First Data Collecting Weather Drones About to Launch Nationwide
Scientists have been using drones to collect data on how hurricanes form and spread. For example, the National Oceanic and Atmospheric Administration (NOAA) deploys the high-altitude Global Hawk to help forecast next-season hurricanes. It recently deployed a fleet of unmanned aerial drones that flew into the eye of hurricanes Maria and Harvey to document the likely trajectory and intensity of these powerful storms. And that’s not all: NOAA’s autonomous solar-powered wind drones, developed in conjunction with the private technology firm Saildrone, are conducting the first year-round surveillance of the world’s oceans from just above the water’s surface.
So far, though, drones haven’t played much of a role in more conventional near-term weather forecasting, the kind that daily news consumers rely upon for mundane guidance on whether to wear a raincoat or take an umbrella to work. But if one enterprise technology company has its way, all that is about to change.
The Swiss based Meteomatics, founded in 2012, has developed a small light hexacopter it calls the Meteodrone that can fly up to 20,000 feet with its onboard sensors to collect temperature, pressure relative humidity, dew point and wind and speed data. The data, once analyzed with the help of a machine-learning algorithm, can be fed to National Weather Service stations but also accessed in real-time by local meteorologists to provide the most up-to-date hyper-local weather forecasting available. And since the Meteodrone drone is equipped to fly at night, its vital morning forecast is based on data just a few hours old.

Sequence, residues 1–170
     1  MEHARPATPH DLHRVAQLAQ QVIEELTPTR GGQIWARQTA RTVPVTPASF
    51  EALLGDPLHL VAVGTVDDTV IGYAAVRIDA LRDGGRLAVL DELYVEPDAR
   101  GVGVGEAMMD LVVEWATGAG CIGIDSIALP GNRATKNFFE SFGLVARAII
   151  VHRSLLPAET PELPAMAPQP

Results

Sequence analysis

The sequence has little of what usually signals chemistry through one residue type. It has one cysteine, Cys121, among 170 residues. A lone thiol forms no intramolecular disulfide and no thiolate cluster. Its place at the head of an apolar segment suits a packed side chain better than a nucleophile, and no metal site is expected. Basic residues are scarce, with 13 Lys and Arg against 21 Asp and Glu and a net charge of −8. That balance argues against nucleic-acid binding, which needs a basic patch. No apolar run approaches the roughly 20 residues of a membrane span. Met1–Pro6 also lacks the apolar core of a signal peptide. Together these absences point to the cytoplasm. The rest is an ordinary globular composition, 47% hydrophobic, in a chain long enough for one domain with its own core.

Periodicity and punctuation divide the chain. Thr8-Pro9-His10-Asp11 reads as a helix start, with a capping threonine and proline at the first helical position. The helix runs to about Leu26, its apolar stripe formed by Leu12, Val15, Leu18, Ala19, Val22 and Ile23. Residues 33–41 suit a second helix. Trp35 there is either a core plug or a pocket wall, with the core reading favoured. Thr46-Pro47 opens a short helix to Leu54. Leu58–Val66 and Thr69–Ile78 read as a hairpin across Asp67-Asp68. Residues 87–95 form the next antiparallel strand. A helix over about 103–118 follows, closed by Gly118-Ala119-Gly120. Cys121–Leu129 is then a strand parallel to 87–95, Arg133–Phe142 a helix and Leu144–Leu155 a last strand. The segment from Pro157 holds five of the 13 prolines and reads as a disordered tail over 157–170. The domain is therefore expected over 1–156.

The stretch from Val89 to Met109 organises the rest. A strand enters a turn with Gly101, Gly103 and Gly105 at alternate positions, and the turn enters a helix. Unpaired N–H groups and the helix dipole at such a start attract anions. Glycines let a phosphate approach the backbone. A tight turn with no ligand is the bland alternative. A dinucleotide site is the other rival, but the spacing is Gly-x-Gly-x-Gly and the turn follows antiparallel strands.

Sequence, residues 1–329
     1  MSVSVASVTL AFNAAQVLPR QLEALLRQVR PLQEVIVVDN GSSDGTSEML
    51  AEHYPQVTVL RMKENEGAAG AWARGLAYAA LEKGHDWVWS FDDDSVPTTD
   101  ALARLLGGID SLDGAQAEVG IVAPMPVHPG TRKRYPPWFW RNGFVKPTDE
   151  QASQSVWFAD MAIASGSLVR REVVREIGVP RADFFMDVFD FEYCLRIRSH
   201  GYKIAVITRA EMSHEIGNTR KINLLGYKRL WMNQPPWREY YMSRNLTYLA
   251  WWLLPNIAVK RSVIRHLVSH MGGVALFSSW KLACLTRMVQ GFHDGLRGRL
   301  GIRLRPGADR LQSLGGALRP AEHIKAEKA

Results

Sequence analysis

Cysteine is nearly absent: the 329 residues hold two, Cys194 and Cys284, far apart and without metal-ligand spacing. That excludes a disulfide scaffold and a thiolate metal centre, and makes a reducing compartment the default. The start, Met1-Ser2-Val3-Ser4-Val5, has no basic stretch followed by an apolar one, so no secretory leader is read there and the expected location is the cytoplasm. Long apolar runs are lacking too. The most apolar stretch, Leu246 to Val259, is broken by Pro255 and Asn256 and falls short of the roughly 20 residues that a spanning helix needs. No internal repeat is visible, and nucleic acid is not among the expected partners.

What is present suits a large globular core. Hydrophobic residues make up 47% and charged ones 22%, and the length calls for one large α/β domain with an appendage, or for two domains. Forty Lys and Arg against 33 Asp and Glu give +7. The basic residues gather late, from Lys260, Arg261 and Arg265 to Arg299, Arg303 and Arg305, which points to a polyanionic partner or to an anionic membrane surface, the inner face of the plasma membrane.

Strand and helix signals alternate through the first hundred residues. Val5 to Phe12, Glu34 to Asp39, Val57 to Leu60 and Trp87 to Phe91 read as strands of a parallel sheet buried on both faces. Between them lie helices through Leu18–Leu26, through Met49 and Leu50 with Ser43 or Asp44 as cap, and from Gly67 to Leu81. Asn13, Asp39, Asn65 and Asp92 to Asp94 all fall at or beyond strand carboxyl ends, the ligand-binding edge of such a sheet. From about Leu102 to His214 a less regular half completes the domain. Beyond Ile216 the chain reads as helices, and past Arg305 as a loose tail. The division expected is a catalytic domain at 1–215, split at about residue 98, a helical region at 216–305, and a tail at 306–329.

Current forecasting by local meteorologists is highly prone to error, in part because weather patterns can shift rapidly between surveys based on intermittent data collected by stationary weather stations and towers. Critical weather conditions such as fog and ice that affect road visibility and safety may be missed by conventional detection systems that a drone, circling continuously, can readily detect.
“The benefit of the Meteodrone is being able to get those constant and frequent profiles, particularly when you have interesting or important weather events going on,” Brad Guay, a meteorologist at Meteomatics, told The Washington Post in mid-September.
Federal Aviation Administration approval of the Meteodrone is still pending but the aircraft already has a proven track record – abroad. Since 2017, Meteomatics has been working with the Federal Office of Meteorology and Climatology in Switzerland to collect weather surveillance over the Swiss Alps. Currently 15 “Meteobases” are in place that serve as the drone’s lift-off, landing, and charging stations as well as the communication link to its remote pilot. In all likelihood a similar logistics system will be developed for Meteodrone’s US operations once final FAA approval is obtained, probably in early 2023.
Do you really need that raincoat and umbrella today? Thanks to Meteodrones, consumers may finally kn0w for sure.